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A Feast of Lanterns, by L. Cranmer-Byng, [1916], at


The rain's in the air
And the winds arouse,
Shaking the cinnamon boughs,
And the begonias' gay parterre;
Raising dust and wreathing mist,
Whirling all things where they list—
Leaves in many-coloured showers,
Bright petals of innumerable flowers.
Knocking at all doors their hustling
Sets the silken curtains rustling,
Till, as shrunken draughts, they creep
Into the shrouded halls of sleep,
Raise the hair and ruck the skin
Of the startled folk therein.

I am grown weary of my lonely state,
Tired of the tongueless hours that wait,
Dreaming of her whom skies of blue
And twilight æons hid from view.

p. 86

Swiftly the waters take their flight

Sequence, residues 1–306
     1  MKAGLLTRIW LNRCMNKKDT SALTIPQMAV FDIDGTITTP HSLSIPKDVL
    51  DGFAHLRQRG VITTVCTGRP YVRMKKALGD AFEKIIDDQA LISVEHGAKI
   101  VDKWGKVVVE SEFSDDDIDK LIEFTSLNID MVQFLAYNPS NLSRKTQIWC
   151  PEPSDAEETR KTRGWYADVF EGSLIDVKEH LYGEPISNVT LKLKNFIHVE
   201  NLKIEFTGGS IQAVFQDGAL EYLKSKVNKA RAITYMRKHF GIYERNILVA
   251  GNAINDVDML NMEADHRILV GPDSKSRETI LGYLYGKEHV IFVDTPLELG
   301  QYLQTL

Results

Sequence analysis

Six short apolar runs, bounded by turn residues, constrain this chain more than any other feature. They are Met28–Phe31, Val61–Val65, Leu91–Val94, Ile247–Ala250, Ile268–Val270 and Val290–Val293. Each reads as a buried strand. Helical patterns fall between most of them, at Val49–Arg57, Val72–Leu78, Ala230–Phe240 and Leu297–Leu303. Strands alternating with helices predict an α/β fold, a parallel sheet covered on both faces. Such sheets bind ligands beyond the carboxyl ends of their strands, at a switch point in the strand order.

Grandly the mountains rise,
Yon birds that taper to the skies
Why have they lost their plumage bright?
Would they might bear my messages of love!
Alas! the trackless heav’ns unroll above;
From west to east the river flows,
But the waves return not to my calling;
Once more the rare magnolia blows,
But hour by hour her flowers are falling.
My jasper lyre is laid apart,
Hushed for a while the lute of jade;
I hear the beating of my heart,
And watch the moon lean down the glade.

Then, ere the shadows wane,
Out of the night's unrest
Ballad and old refrain
Lure me to seek again
The dream-built Isles of the Blest.

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